Each time I struggle to locate the perfect emoji that conveys more meaning than mere text, I start out shocked, become saddened, and then transition to frustration and anger. It just so happens that the first page of the smiley face menu captures my experiential journey down a single column.


Stage 2: Emoji replacement

In a movement away from recall and toward recognition, iOS 10 includes emoji replacement. Each time the feature is activated, the keyboard identifies words that can be replaced by emojis. Once the replaceable word is tapped, the keyboard provides emoji options. This feature makes it easy for the user to recognize which emoji to select. They no longer need to recall under which icon the desired emoji lives in the emoji keyboard.

Although emoji replacement utilizes recognition, the user needs to be aware of, and recall, the 5-tap process needed to activate it. The iOS and emoji keyboards themselves do not do not offer clues about the existence of emoji replacement. Therefore, the user must learn about the feature outside of the interface. Once the user is aware of emoji replacement, they can find Apple’s clean and simple instructions. However, the instructions are not accessible within the iOS keyboards. This goes against the portion of the principles that states “instructions for use of the system should be visible or easily retrievable whenever appropriate.” A search for iOS emoji replacement reveals there are many how-to guides on the topic, suggesting it’s not easy to figure out or recall the steps. Simple mentions of emoji replacement, such as this one in Wired, do not offer enough information for the user to learn how to operate the feature.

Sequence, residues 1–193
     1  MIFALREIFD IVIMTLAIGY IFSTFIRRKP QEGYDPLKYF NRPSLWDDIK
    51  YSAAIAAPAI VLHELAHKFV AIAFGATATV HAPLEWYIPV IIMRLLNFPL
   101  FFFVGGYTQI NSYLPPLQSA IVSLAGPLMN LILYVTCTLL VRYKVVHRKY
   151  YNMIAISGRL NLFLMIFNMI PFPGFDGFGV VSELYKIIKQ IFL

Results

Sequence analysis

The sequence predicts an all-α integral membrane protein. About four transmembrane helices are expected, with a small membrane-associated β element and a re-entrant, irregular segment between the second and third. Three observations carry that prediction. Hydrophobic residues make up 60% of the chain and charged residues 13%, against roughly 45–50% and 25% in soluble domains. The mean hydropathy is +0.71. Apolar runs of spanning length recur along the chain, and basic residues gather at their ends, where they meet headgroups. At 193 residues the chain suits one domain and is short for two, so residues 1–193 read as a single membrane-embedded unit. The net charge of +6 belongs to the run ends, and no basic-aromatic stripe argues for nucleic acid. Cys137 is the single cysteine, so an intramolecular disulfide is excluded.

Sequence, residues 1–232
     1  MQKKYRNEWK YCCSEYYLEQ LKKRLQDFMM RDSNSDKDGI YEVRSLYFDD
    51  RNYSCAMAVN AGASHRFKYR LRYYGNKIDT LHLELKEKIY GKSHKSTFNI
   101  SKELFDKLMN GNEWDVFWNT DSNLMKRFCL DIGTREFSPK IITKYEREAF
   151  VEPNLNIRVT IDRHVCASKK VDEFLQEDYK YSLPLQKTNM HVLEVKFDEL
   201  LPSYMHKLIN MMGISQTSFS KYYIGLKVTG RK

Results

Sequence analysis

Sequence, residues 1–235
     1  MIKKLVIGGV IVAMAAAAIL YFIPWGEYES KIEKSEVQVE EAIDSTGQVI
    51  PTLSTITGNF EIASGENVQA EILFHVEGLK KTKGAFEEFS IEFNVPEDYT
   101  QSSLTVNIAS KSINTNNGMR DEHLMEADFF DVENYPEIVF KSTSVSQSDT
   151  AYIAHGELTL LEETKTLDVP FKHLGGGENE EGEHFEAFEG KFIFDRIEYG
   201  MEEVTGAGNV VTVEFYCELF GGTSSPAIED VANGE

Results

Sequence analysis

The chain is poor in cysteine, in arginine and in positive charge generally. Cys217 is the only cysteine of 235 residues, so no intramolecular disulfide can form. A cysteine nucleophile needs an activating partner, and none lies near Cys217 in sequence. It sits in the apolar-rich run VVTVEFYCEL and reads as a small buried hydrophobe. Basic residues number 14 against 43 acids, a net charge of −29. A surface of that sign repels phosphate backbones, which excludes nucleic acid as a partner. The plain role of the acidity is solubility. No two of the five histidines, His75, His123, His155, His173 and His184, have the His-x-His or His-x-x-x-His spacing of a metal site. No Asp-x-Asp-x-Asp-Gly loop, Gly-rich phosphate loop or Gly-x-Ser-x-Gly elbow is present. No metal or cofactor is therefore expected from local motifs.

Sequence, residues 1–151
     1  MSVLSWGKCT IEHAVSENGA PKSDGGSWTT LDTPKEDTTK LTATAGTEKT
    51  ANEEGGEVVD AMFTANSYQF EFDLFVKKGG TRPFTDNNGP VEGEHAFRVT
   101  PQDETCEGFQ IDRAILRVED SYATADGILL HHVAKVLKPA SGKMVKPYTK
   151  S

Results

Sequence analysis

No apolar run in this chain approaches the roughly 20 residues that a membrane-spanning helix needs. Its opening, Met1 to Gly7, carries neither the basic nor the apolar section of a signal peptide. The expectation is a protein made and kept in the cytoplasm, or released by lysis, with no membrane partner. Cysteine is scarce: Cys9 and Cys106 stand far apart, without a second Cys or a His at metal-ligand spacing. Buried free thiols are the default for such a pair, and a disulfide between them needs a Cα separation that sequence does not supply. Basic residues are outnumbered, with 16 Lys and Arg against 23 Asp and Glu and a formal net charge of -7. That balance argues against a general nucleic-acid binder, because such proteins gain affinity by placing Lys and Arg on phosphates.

Stage 3: Predictive emoji

The newest iOS 10 emoji feature, predictive emoji, exemplifies recognition rather than recall and gives clear visual cues to users without any additional input. Predictive emoji utilizes the iOS keyboard to recommend emojis based on what word has been typed. Recognition is evident in this feature because the emoji appears in between the keyboard and the message log every time a replaceable word is typed. Under this arrangement, options are even available to users who don’t know what emojis are, if such an iPhone user exists. The user doesn’t need to recall how to activate the feature, what emojis exist, or which icon they live under in the emoji keyboard. A user would only need to resort to recall if they want something other than the suggested emoji.


Over time, iOS updates have made the process of selecting the perfect emoji go from frustrating to seamless. Apple incrementally applied Nielsen’s heuristic recognition over recall in the user experience, and now the iOS keyboard recommends emojis as you type. Users no longer need to remember what page their desired emoji lives under, or how to activate a feature to recommend emojis. The next great step iOS could integrate to improve the emoji experience is to let users add their own emojis, like in Slack or HipChat.